The Battle of Adrianople occurred on April 14 1205 between Bulgarians under Tsar Kaloyan of Bulgaria, and Crusaders under Baldwin I. It was won by the Bulgarians after a skillful ambush using the help of their Cuman and Greek allies. Around 300 knights were killed, including Louis of Blois, Duke of Nicaea and Baldwin was captured, blinded, and later died in captivity.
The second Battle of Adrianople (August 9 378) was fought between a Roman army led by the Roman Emperor Valens and Gothic rebels (largely Thervings as well as Greutungs, non-Gothic Alans, and various local rebels) led by Fritigern. The battle took place near Adrianople and ended with an overwhelming victory for the Goths.Ammianus Marcellinus, Historiae, book 31, chapters 12-14.Zosimus, Historia Nova, book 4.
The Battle of Adrianople resulted in tactical victory for the Ottoman Turks. It marked the beginning of the end of Byzantine presence in the Balkans. Immediately after the battle, the Ottomans moved their capital from Bursa to Adrianople.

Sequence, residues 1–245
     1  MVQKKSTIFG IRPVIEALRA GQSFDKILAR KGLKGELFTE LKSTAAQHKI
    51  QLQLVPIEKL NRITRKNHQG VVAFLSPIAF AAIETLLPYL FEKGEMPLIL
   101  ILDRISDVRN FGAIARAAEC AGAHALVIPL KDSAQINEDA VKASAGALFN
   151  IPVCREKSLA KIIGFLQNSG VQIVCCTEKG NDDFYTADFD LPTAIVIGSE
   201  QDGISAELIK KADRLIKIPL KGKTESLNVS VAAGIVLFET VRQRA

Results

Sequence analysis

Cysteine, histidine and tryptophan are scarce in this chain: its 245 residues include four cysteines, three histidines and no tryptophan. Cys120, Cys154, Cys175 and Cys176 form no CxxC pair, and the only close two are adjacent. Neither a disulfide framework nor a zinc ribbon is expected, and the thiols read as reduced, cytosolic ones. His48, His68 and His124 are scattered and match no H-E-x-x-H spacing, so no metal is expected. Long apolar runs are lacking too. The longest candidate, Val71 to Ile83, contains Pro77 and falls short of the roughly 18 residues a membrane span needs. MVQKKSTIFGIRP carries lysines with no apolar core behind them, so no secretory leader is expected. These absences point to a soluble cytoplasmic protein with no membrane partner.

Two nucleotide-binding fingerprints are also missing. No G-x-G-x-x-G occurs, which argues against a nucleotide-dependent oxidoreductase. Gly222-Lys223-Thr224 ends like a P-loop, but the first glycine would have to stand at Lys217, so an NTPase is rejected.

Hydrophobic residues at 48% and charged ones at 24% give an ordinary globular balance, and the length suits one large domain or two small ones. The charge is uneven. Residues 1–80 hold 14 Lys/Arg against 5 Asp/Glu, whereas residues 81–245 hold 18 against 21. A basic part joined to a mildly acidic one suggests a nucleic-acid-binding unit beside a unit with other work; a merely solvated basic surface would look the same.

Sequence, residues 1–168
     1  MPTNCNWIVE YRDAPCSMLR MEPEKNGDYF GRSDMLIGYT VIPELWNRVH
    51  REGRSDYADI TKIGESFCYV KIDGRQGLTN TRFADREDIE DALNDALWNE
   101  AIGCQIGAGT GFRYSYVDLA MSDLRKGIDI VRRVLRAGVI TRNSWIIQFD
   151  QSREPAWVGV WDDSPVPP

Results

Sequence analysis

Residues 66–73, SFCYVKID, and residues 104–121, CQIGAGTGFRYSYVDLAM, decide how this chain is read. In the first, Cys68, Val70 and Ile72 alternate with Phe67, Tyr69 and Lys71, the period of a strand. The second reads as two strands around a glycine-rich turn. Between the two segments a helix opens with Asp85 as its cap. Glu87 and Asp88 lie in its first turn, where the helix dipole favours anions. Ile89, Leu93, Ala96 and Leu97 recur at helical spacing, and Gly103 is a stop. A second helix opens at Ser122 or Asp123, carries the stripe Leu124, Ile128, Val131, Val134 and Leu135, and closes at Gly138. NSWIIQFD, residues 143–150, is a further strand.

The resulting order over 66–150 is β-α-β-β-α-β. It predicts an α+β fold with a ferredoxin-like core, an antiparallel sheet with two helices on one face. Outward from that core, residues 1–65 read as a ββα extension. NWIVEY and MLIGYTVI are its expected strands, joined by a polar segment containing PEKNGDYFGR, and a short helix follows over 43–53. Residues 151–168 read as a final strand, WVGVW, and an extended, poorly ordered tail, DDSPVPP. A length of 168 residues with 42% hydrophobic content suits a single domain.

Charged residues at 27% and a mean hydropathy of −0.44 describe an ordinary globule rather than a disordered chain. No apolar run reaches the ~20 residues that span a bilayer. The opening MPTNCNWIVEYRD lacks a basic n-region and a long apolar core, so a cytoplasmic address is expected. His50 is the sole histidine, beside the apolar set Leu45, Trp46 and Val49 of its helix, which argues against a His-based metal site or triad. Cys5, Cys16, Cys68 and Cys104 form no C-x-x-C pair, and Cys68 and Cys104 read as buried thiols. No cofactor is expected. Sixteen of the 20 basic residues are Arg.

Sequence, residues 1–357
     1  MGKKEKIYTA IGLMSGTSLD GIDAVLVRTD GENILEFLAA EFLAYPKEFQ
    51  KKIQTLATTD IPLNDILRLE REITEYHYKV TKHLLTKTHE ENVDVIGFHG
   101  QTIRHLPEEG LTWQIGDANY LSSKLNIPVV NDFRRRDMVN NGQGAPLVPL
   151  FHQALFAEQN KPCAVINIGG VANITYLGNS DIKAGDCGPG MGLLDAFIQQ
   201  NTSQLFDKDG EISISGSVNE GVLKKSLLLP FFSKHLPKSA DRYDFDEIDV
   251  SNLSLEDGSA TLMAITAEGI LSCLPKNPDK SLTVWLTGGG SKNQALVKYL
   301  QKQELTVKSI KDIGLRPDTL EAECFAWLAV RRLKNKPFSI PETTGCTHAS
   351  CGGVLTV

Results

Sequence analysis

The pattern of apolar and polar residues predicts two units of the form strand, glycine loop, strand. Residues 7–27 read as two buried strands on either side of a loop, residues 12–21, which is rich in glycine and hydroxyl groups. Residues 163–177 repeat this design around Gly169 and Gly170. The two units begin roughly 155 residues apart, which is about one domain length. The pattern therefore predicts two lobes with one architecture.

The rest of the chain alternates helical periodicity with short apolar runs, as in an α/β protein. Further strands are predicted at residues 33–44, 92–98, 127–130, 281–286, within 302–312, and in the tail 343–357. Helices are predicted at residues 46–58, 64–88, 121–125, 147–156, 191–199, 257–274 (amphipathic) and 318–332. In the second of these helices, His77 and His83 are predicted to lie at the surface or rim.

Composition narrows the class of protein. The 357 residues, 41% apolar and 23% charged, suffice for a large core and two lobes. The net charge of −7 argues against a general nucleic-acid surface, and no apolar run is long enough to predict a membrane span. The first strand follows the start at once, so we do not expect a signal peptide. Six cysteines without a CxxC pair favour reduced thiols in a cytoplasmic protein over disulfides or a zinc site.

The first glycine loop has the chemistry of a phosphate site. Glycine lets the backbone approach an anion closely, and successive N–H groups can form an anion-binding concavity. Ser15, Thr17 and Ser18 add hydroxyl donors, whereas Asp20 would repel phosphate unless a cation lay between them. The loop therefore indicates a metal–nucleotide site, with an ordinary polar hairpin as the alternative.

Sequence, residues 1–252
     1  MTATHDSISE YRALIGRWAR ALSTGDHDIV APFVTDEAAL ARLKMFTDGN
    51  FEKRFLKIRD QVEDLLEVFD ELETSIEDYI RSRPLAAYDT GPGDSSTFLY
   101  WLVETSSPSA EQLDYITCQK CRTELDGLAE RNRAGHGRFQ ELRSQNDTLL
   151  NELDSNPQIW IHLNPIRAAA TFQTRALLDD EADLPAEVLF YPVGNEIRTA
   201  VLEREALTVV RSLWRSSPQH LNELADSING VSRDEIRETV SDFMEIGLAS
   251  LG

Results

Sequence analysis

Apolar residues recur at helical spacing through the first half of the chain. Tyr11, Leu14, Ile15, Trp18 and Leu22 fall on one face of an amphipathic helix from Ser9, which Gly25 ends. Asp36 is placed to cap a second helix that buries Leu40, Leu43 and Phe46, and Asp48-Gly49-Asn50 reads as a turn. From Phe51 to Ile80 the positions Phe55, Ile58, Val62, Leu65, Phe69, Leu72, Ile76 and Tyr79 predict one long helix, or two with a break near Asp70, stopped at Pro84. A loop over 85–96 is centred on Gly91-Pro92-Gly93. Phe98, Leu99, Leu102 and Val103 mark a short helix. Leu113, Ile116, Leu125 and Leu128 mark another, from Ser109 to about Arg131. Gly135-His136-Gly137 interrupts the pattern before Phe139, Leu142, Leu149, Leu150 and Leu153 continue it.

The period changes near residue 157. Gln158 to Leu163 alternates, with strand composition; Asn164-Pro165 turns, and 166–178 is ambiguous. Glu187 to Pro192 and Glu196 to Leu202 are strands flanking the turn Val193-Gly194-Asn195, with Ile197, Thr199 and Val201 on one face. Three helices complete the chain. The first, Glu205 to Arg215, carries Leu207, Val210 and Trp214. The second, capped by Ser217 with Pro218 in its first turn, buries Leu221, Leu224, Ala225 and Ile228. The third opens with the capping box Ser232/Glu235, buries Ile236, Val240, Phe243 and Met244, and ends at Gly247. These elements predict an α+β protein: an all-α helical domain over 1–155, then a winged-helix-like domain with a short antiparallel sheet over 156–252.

The Battle of Adrianople, Siege of Adrianople, Bulgarian Battle of Odrin (Ð‘Ð¸Ñ‚ÐºÐ° Ð¿Ñ€Ð¸ ÐžÐ´Ñ€Ð¸Ð½)or Serbian Battle of Jedrene during the First Balkan War began in mid-November, 1912 and ended with the capture of Adrianople by the Bulgarian 2nd Army under the command of General Vazov (brother of the famous Bulgarian writer Ivan Vazov) on March 26, 1913.
The Battle of Adrianople was fought on July 3, 324 between the armies of Constantine I and Licinius.
During the Battle of Adrianople the Bulgarian emperor Krum led his army south towards Adrianople and pitched camp near Versinikia. Michael I, the Byzantine emperor, lined up his army against the Bulgarians, but neither side initiated an attack for two weeks. Finally, on June 22, 813, the Byzantines attacked but were immediately turned to flight.